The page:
Surgeons work with flashlights as Ukraine’s power grid goes down
KHERSON, Ukraine –
Dr Oleh Duda was in a particularly complex operation at a hospital in Lviv, Ukraine, when he heard an explosion nearby. After a while, the light went out.
Duda had no choice but to continue working with only one headlamp for light. The lights came back on three minutes later when the generator started up, but it felt like an eternity.
“These fateful minutes can cost patients their lives,” the oncology surgeon told The Associated Press.
The surgery on the patient’s main artery took place on November 15, when the city in western Ukraine lost power when Russia launched another salvo of rockets into the power grid, damaging nearly 50% of the energy facility. of the country.
The devastating strikes, which continued last week and once again plunged the country into darkness, strained and disrupted a healthcare system already ravaged by years of corruption, governance weak management, the COVID-19 pandemic and 9 months of war.
scheduled activities are being postponed; patient records are not available due to loss of internet connection; and medical staff had to use flashlights to check on patients in dark apartments.
The World Health Organization last week said Ukraine’s health system was facing “the darkest days of the war to date”, amid a growing energy crisis, winter weather. The cold begins and other challenges.
Dr Hans Kluge, WHO Regional Director for Europe, said: “This winter will threaten the lives of millions of people in Ukraine.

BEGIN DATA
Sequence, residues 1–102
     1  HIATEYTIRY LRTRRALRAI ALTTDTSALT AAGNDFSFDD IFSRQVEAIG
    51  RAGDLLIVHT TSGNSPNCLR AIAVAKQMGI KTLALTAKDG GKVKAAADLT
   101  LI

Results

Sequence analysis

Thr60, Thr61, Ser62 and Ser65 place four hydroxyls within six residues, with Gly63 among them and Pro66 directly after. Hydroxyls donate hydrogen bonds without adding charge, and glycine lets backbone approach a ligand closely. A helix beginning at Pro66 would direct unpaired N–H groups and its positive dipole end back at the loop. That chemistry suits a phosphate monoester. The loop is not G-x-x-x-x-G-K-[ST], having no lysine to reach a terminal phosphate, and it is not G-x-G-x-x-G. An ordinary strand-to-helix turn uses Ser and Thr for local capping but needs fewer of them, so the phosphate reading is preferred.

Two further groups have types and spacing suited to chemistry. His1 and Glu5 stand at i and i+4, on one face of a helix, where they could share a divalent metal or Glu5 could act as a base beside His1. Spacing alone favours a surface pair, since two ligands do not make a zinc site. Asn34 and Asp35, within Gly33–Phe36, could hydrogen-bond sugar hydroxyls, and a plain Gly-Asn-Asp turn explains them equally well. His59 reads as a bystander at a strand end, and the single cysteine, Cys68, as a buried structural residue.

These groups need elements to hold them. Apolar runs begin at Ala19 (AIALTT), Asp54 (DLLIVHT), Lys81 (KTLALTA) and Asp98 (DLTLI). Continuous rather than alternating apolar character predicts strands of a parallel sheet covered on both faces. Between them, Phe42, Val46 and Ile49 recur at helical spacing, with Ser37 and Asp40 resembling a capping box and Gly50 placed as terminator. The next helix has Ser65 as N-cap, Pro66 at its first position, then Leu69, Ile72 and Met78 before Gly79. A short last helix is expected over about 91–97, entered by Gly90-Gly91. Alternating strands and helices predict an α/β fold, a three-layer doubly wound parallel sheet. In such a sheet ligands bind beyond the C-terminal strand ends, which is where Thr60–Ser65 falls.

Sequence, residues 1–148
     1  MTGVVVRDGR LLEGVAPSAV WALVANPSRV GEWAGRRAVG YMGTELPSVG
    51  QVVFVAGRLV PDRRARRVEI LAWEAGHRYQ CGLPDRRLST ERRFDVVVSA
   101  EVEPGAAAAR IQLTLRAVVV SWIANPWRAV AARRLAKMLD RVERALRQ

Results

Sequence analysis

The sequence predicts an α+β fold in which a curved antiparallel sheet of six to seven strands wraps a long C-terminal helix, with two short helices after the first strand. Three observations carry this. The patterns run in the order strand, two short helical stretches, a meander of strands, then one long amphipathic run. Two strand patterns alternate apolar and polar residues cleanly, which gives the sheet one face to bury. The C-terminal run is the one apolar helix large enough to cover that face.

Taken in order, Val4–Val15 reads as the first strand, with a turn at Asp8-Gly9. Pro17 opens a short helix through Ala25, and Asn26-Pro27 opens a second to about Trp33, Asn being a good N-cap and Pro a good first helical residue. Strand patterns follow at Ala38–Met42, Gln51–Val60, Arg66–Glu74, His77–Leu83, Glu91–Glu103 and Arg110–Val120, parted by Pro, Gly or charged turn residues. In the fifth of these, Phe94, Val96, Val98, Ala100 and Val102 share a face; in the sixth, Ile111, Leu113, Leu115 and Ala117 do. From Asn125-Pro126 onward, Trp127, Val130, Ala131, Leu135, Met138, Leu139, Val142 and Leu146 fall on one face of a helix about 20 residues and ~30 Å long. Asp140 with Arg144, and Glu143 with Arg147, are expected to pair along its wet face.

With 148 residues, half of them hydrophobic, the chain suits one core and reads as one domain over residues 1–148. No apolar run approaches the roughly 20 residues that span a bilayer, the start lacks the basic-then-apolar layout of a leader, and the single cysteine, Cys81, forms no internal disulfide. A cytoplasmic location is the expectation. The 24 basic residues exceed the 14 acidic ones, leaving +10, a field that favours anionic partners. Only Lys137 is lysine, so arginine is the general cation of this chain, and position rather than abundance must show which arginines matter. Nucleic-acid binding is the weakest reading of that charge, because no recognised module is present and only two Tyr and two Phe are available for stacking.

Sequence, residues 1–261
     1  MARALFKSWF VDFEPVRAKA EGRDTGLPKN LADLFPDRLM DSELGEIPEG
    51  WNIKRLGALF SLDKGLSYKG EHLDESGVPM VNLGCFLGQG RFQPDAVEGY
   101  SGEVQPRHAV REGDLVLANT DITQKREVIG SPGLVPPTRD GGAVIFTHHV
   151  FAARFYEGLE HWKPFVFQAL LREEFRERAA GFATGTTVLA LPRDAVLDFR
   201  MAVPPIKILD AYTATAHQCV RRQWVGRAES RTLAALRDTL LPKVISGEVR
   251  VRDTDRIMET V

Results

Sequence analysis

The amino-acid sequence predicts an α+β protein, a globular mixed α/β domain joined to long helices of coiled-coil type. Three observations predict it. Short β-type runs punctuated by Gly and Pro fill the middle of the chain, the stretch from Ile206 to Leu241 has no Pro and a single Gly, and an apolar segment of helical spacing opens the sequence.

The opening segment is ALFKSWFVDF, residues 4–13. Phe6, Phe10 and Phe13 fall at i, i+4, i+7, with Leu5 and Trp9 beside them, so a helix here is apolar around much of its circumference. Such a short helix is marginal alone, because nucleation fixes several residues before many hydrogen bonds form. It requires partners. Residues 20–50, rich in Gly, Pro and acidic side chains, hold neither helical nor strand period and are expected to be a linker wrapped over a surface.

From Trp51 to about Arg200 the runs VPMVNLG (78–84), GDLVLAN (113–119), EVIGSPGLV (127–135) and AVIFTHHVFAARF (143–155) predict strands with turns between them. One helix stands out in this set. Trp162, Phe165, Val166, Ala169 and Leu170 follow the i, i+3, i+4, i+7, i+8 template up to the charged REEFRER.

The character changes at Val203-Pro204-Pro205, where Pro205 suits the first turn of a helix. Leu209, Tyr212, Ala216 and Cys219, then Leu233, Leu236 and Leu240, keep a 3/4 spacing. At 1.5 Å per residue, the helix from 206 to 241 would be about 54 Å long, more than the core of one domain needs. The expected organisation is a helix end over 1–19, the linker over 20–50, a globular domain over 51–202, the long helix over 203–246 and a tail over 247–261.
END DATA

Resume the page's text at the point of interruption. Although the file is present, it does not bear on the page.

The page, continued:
He predicts that another 2 million to 3 million people may leave their homes in search of warmth and safety and “will face unique health challenges, including respiratory infections”. respiratory diseases such as COVID-19, pneumonia and influenza”.
Last week, Kyiv’s Heart Institute posted on its Facebook page a video of surgeons operating on a child’s heart with the only light coming from a flashlight and battery-powered flashlight.
Dr Boris Todurov, director of the institute in the capital, said in the video: “Rejoice, Russian, a child is lying on a table and during the operation the lights went out completely.” “Now we’re going to turn on the generator — unfortunately, it’ll take a few minutes.”
Attacks have also hit hospitals and outpatient clinics in southeastern Ukraine. The WHO said in a statement last week that it had verified at least 703 attacks between February 24, when Russian troops entered Ukraine, and November 23.
The Kremlin has denied allegations that it targeted civilian facilities. Kremlin spokesman Dmitry Peskov again asserted last week that Russia only targeted sites “directly or indirectly related to military power”.
But just last week, an attack on the obstetrics department of a hospital in eastern Ukraine killed a newborn and seriously injured two doctors. In the northeastern region of Kharkiv, two people were killed after Russian forces shelled an outpatient clinic.
In Lviv, Duda said the explosions were so close to the hospital that “the walls shook” and doctors and patients had to go down to the bunker – something that happened every time the air raid sirens sounded.
The cancer hospital performed only 10 of the 40 surgeries scheduled for that day.
In the newly recaptured southern city of Kherson, without power after the Russians withdrew, the paralyzed elevators presented a real challenge for medical staff.
They had to carry immobile patients down the stairs of apartment buildings, then carry them back up to the operating room.